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FAIR enough? A perspective on the status of nucleotide sequence data and metadata on public archives

Christiane Hassenrück, Tobias Poprick, Véronique Helfer, Massimiliano Molari, Raissa Meyer, Ivaylo Kostadinov

Preprint posted on 24 September 2021 https://www.biorxiv.org/content/10.1101/2021.09.23.461561v1

Digging for data: How FAIR is nucleotide sequencing data storage and how can it be improved to facilitate data mining?

Selected by Kristina Kuhbandner

Background

Nucleotide sequencing data are frequently used in all areas of life science, and due to technical progress, the amount of data is growing exponentially (1). Recently, we can observe an emerging trend of “recycling” and reanalyzing existing data archived in open access data stores. This “data mining” approach can help to answer scientific questions beyond the ones tackled in the study originally producing the data. However, to ensure proper reuse of existing data, it is not enough to provide the primary data, such as a nucleotide sequence; rather it is essential to specify the associated metadata – features which describe the primary data – such as experimental conditions and methods used to generate them. Therefore, the FAIR guidelines which offer directions to make data Findable, Accessible, Interoperable and Reusable were initiated (2).

To facilitate data standardization, the Genomic Standards Consortium (GCS) established the so called MIxS (Minimal Information about any (x) Sequence) checklists which determine mandatory parameters and suggest using a uniform vocabulary to describe the sampled environment and experimental settings, for example through “Environmental Ontology” (ENVO) (3). ENA (European Nucleotide Archive), one of the three main data archives, strongly encourages submitters to follow these MIxS guidelines. Additionally, professional support for simple and sustainable data deposition is offered by brokerage services such as the German Federation for Biological Data (GFBio) or the China Nucleotide Sequence Archive (CNSA). Despite all measures implemented to promote FAIRness and to further standardize data storage, interoperability and reusability are still hampered by incorrect and insufficient description of metadata (4).

Research question and approach

In their study, Hassenrück and colleagues examined the metadata status of raw read Illumina amplicon and whole genome shotgun sequencing data from ecological material. Specifically, they aimed to assess if the primary sequence data comply with data submission standards. Therefore, the authors searched for raw read data from ecological metagenomes (NCBI taxid 410657) available at ENA. Then they reviewed all “cases” for metadata information about i) geographic coordinates, ii) target gene, subfragment or primers, iii) length of the amplified fragment (nominal length) and iv) use of standard vocabulary to describe the sampled environment according to ENVO.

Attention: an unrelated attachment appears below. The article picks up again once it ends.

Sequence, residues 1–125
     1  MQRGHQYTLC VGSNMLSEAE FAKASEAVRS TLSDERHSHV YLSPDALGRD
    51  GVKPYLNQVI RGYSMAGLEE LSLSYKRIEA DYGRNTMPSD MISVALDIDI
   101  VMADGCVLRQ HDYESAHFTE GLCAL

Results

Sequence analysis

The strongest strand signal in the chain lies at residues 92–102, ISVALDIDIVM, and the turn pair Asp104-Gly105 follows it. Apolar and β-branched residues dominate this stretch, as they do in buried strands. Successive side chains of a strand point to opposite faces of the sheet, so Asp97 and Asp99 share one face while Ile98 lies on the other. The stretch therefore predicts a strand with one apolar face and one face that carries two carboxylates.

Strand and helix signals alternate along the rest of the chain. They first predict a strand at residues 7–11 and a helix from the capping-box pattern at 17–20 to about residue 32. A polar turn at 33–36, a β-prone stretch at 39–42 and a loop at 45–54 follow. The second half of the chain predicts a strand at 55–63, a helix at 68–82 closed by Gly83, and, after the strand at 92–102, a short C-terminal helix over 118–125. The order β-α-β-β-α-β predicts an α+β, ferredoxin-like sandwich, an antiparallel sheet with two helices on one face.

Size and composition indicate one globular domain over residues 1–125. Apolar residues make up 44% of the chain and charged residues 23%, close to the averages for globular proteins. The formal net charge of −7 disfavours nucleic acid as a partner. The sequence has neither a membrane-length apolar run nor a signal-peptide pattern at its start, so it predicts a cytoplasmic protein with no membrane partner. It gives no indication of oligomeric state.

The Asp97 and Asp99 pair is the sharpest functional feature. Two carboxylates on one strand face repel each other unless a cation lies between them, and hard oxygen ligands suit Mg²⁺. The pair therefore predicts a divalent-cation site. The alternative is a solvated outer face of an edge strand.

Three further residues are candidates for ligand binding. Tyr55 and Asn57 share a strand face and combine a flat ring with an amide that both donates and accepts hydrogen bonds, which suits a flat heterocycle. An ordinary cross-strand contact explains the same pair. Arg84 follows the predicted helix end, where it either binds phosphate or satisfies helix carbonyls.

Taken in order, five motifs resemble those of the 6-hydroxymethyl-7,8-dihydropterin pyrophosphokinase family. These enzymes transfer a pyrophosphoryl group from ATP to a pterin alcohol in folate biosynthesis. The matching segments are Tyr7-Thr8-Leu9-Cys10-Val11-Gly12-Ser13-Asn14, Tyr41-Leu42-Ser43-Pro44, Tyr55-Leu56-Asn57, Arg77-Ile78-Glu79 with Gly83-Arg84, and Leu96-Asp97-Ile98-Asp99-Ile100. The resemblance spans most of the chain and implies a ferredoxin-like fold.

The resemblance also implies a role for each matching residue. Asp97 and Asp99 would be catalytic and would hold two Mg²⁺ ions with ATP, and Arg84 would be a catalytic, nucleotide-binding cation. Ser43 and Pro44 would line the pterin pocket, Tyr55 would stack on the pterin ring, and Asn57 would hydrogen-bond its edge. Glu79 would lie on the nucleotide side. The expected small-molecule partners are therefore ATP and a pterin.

Furthermore, the format of the submitted raw data is of major importance for automated reusability of nucleotide sequencing data. Therefore, a data mining case study using amplicon studies of the V3-V4 hypervariable region of the bacterial 16S gene was performed to investigate among others correct filing according to ENA guidelines and proper declaration as environmental sample.

Main Findings

Collectively, the number of cases steadily increased in the last years and peaked in 2020 with more than 120 000 submitted sequences; but in total only 6.5% of the analyzed sequences showed compliance with the MIxS checklist, and since 2018 this proportion has clearly decreased.

General metadata, such as geographic coordinates, were provided in nearly all cases. In contrast, mandatory information about the targeted DNA region – critical for data interpretation and reuse – was inadequate in most cases. Only 7% of all examined cases contained correct target gene details, whereas about 1/3 of sequences submitted according to the MIxS checklist had this information readily available. Nominal length, another mandatory parameter, was only specified in 14% of all cases; notably, the use of a MIxS checklist ensured that almost all cases provided information about this value.

Evaluation of the description of environmental characteristics using ENVO revealed that around 70% of all cases did not include any information about these parameters. In contrast, although the use of ENVO terms was sometimes inconsistent, nearly all cases using the MIxS checklist provided those values. Of note, the use of a brokerage service substantially improved metadata quality, especially accessibility and interoperability. Compared to amplicon sequencing data, the quality of whole genome shotgun sequencing (WGS) data was slightly higher.